Friday, December 02, 2016

Telling Jokes

Back in my junior executive days, a colleague and friend, a young man with whom I shared a wall and a secretary, was offered a sweet new job. He was a great guy, even if he was a bit full of himself. When he announced at a staff meeting that he was moving on, I quipped, "Wow, you're leaving one big hat to fill!" There was a beat of silence as the room took it in, then an explosion of laughter. I still think of it as the best joke I've ever told, although looking at it here in black and white perhaps it was one of those for which you had to have been there.

My jokes tend to be hit or miss, and often my best ones are funny only to myself. For instance, I'm more likely to get an argument than a laugh when I say, "The difference between your neuroses and mine is that mine make sense," but I think it's hilarious and 100 percent true.

I'm not a "funny guy." I think I have a decent sense of humor, but I can also assert, unequivocally, that I'm simultaneously the most hilarious man in the world . . . if the only audience that matters is the kids I teach. Oh, it does wonders for the ego, indeed it does, when I get the whole crowd screaming with laughter by making a silly face, or pretending to get mixed up about the lyrics to a song, or engaging in some simple slapstick. One of my best bits is one I learned from my father. He would walk toward a doorway, then pretend to bump his nose on the door frame, creating a realistic sound effect with a well-timed kick to the wall. That one always makes them laugh; a beat of silence and then an explosion of laughter when they see I'm not really hurt.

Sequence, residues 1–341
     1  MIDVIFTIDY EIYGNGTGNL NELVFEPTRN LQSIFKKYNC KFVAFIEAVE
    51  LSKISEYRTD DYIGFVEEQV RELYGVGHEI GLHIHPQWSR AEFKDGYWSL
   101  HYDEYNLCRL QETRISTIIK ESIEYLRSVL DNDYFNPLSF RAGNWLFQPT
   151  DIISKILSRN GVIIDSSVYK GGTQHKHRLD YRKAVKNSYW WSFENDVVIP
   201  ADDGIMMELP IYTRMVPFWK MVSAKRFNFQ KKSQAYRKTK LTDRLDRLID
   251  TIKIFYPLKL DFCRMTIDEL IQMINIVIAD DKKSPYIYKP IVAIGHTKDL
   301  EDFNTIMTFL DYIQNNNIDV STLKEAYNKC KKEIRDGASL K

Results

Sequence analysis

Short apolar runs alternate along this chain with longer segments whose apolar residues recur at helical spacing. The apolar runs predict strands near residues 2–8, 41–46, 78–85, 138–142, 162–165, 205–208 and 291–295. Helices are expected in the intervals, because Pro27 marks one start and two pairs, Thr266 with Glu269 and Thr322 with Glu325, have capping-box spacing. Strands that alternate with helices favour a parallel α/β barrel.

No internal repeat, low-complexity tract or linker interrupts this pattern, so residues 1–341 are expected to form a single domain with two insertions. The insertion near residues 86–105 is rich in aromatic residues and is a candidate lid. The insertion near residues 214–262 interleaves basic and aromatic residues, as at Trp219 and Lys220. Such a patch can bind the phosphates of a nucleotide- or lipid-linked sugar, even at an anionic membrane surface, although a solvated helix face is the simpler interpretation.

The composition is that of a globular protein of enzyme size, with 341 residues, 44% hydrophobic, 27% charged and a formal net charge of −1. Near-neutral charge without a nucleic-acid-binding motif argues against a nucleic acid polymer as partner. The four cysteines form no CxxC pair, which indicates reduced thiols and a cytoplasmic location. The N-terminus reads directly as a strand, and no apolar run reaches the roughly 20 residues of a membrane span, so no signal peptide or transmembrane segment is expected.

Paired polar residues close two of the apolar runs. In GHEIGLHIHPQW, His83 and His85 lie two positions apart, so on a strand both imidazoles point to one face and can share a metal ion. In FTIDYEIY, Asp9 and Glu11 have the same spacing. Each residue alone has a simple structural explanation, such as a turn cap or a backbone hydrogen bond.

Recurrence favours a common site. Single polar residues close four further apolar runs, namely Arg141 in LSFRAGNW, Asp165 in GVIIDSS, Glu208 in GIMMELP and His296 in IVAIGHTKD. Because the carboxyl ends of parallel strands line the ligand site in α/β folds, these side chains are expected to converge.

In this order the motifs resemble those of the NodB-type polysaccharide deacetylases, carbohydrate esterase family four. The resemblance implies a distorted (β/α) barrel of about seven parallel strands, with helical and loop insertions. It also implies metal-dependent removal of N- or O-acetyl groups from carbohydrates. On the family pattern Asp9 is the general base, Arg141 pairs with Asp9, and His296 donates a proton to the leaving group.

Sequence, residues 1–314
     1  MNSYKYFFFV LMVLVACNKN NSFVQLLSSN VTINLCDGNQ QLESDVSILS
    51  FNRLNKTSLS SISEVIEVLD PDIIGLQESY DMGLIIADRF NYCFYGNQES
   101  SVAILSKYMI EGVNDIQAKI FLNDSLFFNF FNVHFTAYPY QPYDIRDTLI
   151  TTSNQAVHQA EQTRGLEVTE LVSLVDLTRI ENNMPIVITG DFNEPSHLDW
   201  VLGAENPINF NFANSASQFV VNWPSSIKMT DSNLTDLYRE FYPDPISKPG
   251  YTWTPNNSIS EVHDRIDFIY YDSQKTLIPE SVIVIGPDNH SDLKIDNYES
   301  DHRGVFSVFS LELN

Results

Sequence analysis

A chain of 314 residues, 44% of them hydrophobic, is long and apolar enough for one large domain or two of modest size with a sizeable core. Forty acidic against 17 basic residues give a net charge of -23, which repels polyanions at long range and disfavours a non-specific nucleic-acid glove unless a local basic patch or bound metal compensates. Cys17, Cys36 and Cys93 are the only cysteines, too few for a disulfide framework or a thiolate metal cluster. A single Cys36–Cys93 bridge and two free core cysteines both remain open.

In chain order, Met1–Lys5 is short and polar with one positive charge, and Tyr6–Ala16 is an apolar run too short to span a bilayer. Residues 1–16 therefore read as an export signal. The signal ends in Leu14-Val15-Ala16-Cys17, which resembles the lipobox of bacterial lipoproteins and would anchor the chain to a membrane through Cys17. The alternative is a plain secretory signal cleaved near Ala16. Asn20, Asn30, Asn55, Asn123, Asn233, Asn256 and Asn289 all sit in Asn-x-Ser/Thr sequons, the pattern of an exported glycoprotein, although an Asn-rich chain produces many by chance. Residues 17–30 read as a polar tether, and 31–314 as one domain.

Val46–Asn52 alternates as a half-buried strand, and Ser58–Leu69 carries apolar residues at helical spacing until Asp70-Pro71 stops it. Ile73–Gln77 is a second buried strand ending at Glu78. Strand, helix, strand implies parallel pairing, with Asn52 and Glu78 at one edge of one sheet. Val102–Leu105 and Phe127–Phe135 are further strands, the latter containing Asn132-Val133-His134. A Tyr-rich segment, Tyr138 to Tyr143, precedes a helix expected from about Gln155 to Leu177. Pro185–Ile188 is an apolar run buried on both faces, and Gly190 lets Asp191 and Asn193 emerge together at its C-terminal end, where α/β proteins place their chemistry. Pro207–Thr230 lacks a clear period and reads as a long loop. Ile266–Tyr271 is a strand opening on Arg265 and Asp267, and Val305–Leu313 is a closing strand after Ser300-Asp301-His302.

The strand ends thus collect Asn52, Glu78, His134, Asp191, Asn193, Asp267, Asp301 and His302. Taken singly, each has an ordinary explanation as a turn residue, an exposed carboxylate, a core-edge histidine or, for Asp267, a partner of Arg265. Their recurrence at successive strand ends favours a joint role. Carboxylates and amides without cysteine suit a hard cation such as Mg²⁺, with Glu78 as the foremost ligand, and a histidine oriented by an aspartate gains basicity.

Anyone who has ever worked with young kids knows that if you want a laugh, all you have to do is start a conversation with, "Knock, knock . . ." Pretty much anything you say, so long as it matches the rhythm of the joke, will get a laugh.

"Knock knock."
"Who's there?"
"Table who?"
"Table chair!"

Then everyone laughs. It's collaborative poetry, the Knock-knock Joke, a duet that ends in laughter. It never bugs me, it never bores me, because in the end we laugh, forced perhaps, even phony-sounding, but communal: we're laughing together and that's the point. We spend entire circle times just taking turns telling these nonsensical jokes, laughing harder and harder as we go.

Even though I'm not a funny guy, humor (or at least silliness) stands at the center of my relationship with children. When a kid says, "You're silly, Teacher Tom!" I answer, "Silly is a complement around here! Thank you for saying that!" I like that "silly" is part of my reputation.

There's another "joke" of which I'm proud, this one having occurred on the streets of Manhattan. Our family was living in Soho for a month because my wife had business there. I was walking the dog early one morning, when a car alarm went off. The street wasn't NYC crowded, but there were still a lot of us out there. I stopped and loudly asked, "What's wrong with you people? Can't you hear that car is being stolen?" There was a beat of silence, then an explosion of laughter. I guess you had to be there.

There is nothing that brings people together more than laughing with them and you do, in fact, have to be there.

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